Mileutis plans to introduce Imilac for use in the management, treatment, and prevention of bovine mastitis at dry-off. The company estimates a potential annual revenue of above $1 billion globally.
So, how does Imilac work?
The first line of products is comprised of peptides and specific protein fragments that have a positive impact on conditions that influence health and reduce antibiotic use in animal health management.
It consists of an intra-mammary formulation derived from natural milk proteins and contains bovine casein hydrolysate as an active ingredient, Iscovich explained, noting that its application has an ‘immune-stimulatory mode of action’.
“The efficacy of Imilac for the prevention and treatment of mastitis may be explained by enhancement of the mammary glands’ resident immune system through augmentation of humoral components and through its actions to more rapidly advance the activation and function of mammary epithelial cells, monocytes, macrophages and polymorphonuclear neutrophils.
“In the modern era of agricultural production, pre-calving cows are annually scheduled to abruptly cease milk production for about 60 days whilst although still storing significant amounts of milk in their udders. The conventional antibiotic dry cow therapy is interrelated with the excess milk leaking from the mammary gland and thereby causing mastitis during the dry period and the post-calving early lactation. The ability of Imilac to enhance the immune-system causes a reaction which precipitously dry up the mammary secretion, and drastically involute the mammary gland, which in turn prevents this economically detrimental and clinically painful scenario by the drastic and rapid reduction of milk secretion in the mammary gland, making it a very poor medium for bacterial growth.”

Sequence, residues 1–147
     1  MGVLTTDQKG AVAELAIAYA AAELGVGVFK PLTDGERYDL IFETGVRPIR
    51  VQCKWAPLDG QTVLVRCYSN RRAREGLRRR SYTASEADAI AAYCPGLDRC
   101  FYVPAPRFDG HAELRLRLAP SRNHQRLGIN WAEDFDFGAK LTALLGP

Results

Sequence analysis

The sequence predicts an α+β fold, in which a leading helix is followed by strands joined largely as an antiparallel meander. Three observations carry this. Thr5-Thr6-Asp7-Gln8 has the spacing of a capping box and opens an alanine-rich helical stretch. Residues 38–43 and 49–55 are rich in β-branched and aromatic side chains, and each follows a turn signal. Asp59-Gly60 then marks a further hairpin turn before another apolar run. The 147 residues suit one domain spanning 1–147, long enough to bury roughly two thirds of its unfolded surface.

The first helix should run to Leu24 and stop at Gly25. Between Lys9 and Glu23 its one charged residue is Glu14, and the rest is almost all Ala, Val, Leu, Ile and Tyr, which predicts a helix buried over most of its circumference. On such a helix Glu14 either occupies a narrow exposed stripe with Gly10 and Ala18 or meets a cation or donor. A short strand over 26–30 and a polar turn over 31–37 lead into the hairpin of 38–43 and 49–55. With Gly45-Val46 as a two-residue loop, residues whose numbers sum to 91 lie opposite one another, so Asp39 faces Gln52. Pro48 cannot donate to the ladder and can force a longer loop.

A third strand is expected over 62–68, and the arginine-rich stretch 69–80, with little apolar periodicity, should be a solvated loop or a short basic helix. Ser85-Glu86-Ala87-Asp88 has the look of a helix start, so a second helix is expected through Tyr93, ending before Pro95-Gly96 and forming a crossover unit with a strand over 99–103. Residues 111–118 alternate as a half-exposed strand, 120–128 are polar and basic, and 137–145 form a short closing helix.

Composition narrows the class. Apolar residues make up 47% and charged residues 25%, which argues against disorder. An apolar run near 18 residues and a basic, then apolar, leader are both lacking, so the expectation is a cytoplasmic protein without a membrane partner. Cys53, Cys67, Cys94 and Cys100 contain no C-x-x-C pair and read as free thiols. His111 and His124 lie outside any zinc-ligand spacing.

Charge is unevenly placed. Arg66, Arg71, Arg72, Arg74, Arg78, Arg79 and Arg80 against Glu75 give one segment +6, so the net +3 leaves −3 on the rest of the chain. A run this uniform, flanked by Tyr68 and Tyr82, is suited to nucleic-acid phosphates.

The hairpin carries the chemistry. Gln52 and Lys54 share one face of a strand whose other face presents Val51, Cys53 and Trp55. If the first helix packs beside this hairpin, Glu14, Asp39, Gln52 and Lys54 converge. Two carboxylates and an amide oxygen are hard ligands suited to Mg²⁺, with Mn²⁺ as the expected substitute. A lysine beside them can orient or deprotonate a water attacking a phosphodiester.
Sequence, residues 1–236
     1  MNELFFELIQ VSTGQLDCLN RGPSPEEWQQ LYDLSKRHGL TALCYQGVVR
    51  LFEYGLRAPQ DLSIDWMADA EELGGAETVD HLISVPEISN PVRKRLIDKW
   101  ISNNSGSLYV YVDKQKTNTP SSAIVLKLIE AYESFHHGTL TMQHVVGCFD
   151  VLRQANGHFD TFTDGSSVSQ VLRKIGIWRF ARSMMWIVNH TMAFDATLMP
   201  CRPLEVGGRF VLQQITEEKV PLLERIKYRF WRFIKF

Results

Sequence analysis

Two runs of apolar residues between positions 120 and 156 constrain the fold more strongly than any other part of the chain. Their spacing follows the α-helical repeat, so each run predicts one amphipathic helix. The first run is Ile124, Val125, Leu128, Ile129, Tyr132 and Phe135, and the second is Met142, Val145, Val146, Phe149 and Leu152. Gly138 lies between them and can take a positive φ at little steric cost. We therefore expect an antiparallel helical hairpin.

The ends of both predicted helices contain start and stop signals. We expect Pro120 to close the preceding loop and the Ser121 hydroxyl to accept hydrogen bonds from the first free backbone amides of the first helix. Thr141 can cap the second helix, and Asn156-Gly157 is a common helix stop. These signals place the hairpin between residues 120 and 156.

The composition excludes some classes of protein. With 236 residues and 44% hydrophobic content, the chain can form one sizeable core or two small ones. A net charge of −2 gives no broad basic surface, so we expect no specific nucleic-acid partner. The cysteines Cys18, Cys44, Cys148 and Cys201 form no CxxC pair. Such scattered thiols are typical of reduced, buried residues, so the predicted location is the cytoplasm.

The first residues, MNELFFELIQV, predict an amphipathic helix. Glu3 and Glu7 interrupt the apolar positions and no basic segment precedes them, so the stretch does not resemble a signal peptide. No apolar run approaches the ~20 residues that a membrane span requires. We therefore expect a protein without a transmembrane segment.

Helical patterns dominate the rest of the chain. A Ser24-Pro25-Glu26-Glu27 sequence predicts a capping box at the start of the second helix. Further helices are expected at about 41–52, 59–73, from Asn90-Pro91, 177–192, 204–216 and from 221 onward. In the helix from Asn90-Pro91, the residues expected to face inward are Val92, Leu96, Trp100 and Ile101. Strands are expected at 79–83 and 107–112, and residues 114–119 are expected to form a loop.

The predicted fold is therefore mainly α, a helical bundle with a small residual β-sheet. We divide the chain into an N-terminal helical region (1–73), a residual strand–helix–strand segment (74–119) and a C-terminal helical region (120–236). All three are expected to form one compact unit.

Additional applications in animal and human health
The company has secured a $20 million investment from NovaQuest Capital Management to help realise its ambition.
NovaQuest’s investment will drive the continued development and commercialisation of Mileutis’ novel, biologically sourced, and residue-free therapies for animal health.
The Mileutis chief executive told FoodNavigator that the company is ‘absolutely’ working on addressing the necessity of antibiotic use in other animals and for the treatment of additional diseases. The company is even investigating applications in human health.
“Due to the fact that Mileutis technology acts through stimulation of the immune-system, Mileutis is working on additional applications (some are still confidential) among them: uterine infections in dairy cows and for human health. In human health the programs are intended towards breast inflammation and the treatment of a wide range of indications which are immune-stimulation related,” Iscovich revealed.
This approach can help move the needle on the development of AMR in the agricultural sector, he suggested. The company expects to launch in additional animal health markets beyond dairy. “We believe that due to the mode of action of the technology platform and products, Mileutis will launch similar product categories in additional animal health markets beyond the dairy industry.”
Iscovich is bullish on the impact Mileutis technology will have on the agricultural sector and its contribution to the development of antibiotic resistant pathogens.
“In the dairy industry we believe that we can replace all the antibiotics used for prevention and the vast majority of treatments for curing mastitis and metritis which together represent around 90% of all antibiotics in the dairy indusy. As such, the dispersion effect of pathogen resistant bacteria from the dairy barns to the consumer will be drastically reduced and as such reduce the slope of AMR development,” he stressed.